Last month, thousands of TV commercial production workers formed a new union called Stand with Production under the umbrella of the International Alliance of Theatrical Stage Employees (IATSE). This group includes line producers, production supervisors, assistant production supervisors, production assistants and others working in commercial production departments.
The new union seeks to address working conditions that have “worsened dramatically” in recent years. In its mission statement, the new union said, “We have found that our working conditions have worsened dramatically over the past decade. We are in a historic time. Production timelines have shortened while agencies and clients have expanded their expectations. All this while cost consultants and clients work diligently to defund the working capital to produce these projects. The pandemic has only exacerbated these changes. The greatest burden of the responsibility for Covid has also fallen on the shoulders of the production teams. There are no longer the time, resources, or tools that we need to be safe and successful on our employers’ projects.”
Stand with Production asked the Association of Independent Commercial Producers to recognize them and was met with resistance. AICP released a new document to its members called, “What to do When There is a Union Organizing Campaign.”
IATSE has responded and now claims that those workers are facing “heavy resistance to their organizing efforts.” The union goes further accusing AICP of distributing “union-busting materials to its member companies.
In the document, the AICP appears to give its companies a license to blacklist union supporters, stating: ‘Companies can refuse to hire union members as supervisors and can fire supervisors that engage in union activity so long as certain safeguards are met…’”
“This is a slap in the face to every IATSE member,” said IATSE president Matt Loeb. “All workers should be able to make their voices heard without threats or fear of retaliation. In response to this escalation by the AICP, we will safeguard the democratic process with a variety of counter-retaliation measures, including publicly tracking instances where workers believe they have been retaliated against, and referring these cases to the National Labor Relations Board in cases where Federal Labor Law is violated.”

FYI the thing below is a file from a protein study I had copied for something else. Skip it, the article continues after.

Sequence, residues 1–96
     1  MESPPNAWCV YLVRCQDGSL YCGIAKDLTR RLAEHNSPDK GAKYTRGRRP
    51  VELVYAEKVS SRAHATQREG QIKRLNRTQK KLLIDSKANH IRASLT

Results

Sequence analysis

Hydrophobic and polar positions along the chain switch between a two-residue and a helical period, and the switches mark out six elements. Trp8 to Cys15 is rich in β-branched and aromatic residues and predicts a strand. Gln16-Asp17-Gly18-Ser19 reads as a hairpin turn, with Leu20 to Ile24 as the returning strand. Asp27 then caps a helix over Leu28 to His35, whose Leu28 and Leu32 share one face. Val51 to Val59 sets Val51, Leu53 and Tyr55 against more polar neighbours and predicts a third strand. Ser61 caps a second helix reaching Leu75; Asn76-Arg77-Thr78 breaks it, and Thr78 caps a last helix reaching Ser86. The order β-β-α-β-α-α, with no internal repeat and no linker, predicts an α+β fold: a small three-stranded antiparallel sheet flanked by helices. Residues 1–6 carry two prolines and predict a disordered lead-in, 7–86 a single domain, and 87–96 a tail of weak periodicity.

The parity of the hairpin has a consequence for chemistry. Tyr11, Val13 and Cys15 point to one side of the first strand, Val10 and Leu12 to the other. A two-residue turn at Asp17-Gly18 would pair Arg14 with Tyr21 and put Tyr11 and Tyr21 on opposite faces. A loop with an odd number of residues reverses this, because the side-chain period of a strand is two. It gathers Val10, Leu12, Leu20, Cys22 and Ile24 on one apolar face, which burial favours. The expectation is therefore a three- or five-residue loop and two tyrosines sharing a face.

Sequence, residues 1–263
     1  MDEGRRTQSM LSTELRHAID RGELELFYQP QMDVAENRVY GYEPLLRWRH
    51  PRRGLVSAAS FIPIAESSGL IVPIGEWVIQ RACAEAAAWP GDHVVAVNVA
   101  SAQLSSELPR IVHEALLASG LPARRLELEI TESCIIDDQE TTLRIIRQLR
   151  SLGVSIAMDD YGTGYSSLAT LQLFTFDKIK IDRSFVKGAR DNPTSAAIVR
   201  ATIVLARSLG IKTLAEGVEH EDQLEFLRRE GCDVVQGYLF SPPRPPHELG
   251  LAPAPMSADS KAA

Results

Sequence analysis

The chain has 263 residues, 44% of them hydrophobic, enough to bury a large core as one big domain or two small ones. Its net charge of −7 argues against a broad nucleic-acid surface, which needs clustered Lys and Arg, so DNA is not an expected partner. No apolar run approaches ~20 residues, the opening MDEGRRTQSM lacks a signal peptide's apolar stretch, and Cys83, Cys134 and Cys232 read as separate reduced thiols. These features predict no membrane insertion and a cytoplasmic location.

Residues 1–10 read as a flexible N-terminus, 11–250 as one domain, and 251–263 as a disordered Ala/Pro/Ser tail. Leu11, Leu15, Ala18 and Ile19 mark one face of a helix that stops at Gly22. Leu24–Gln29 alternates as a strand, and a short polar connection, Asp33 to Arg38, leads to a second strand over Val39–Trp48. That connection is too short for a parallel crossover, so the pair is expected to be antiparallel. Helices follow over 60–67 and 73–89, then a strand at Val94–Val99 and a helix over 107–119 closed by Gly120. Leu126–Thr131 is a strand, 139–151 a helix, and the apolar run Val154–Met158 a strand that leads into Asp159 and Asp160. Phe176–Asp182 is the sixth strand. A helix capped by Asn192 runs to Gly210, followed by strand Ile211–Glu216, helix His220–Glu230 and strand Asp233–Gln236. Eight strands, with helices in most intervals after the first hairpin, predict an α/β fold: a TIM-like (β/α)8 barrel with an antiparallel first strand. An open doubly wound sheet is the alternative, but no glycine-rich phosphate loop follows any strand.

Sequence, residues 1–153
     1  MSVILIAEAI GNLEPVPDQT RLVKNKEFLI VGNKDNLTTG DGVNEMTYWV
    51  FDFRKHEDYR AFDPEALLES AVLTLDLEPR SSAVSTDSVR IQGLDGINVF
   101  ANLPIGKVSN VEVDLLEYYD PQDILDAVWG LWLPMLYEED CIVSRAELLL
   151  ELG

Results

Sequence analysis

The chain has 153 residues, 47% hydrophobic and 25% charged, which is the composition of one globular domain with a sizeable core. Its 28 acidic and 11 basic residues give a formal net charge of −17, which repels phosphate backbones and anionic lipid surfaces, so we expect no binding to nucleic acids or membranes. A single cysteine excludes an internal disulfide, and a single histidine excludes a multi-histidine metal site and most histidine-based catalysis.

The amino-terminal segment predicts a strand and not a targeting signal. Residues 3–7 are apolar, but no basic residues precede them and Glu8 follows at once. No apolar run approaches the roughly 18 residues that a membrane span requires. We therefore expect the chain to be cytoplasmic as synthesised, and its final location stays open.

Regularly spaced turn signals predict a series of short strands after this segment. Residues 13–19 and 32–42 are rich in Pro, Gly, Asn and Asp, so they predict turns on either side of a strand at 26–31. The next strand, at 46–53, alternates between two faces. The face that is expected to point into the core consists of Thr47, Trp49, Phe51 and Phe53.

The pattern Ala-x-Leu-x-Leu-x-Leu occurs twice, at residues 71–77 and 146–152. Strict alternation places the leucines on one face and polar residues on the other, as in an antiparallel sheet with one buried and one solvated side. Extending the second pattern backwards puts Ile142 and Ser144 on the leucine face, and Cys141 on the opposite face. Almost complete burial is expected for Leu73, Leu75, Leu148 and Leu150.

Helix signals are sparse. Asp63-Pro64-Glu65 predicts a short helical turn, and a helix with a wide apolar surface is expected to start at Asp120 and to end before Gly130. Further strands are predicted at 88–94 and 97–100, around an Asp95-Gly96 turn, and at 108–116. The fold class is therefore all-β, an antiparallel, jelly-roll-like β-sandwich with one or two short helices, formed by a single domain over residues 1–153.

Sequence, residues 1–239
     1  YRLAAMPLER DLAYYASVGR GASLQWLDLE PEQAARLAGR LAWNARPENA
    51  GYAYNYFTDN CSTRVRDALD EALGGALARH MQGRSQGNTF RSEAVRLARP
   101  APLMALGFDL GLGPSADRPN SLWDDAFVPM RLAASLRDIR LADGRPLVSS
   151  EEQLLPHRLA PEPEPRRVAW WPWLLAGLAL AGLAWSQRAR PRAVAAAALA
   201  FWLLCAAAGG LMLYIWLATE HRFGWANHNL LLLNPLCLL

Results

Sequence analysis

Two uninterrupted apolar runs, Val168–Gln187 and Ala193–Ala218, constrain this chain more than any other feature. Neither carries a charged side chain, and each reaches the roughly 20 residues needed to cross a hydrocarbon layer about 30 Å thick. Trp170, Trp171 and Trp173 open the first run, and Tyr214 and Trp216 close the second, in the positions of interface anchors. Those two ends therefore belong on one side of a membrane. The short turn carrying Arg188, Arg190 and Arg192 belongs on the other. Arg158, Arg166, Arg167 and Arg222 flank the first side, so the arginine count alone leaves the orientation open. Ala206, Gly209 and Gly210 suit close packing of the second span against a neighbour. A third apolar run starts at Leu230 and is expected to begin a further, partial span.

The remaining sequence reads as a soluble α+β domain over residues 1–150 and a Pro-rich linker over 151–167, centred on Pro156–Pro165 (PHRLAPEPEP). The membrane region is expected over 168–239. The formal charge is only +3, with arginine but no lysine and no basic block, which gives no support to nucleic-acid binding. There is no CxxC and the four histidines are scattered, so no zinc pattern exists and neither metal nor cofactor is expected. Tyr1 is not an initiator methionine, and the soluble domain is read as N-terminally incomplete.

Loeb also claims that AICP has now repeatedly indicated its intent to undermine this unionization effort by fighting to exclude certain positions, regardless of the will of the workers. The union also released a TikTok video:
Loeb continued, “IATSE stands with production, and we share in the goal to have production positions from PA’s to Producers recognized under a single union. The truth is, once these workers present their cards, the AICP could voluntarily recognize their union with all positions included. And if they don’t, the only party that would be responsible for creating divisions and exclusions would be the AICP.”
AICP Email to Members
Reel 360 News obtained an email sent Wednesday from AICP President Matt Miller to its members. Here, Miller says that IATSE omitted a clause that the NLRA (National Labor Review Act) excludes statutory supervisors from protections of the Act, “NLRA authority on this issue clearly states that an employer is ‘at liberty to demand absolute loyalty from his supervisory personnel by insisting, on pain of discharge, that they neither participate in, nor retain membership in, a labor union.’”
Miller also states in the email that many employees of AICP companies are apprehensive or against forming a union, “AICP member companies continue to widely share reports regarding their employees’ concerns and distress about this effort being driven by a small vocal group, many feeling that SWP and its leadership are not being transparent or balanced in providing information about what unionization would mean in the reality of day-to-day employment to those working in the categories they presume to cover via unionization.”
Calling IATSE and SWP’s efforts sensational and baseless, Miller goes on to say that forming a new union will not resolve key issues at stake and will be detrimental to the industry:
- Imperiling the Producers’ Health Benefits Plan (PHBP), a generous “Cadillac” healthcare plan funded entirely by AICP employers and designed specifically for freelance production employees.
- Economic arrangements resulting from unionization could lead to lost jobs and lost income for these employment classifications, and currently represented IATSE crew.
- Increased costs could induce agencies and clients to send even more production outside of the United States, or to non-union production entities.
- Work rules/agreements and overly restrictive jurisdictional boundaries resulting from unionization could have a major effect on how freelance production employees manage their own schedules, and the schedules of their teams.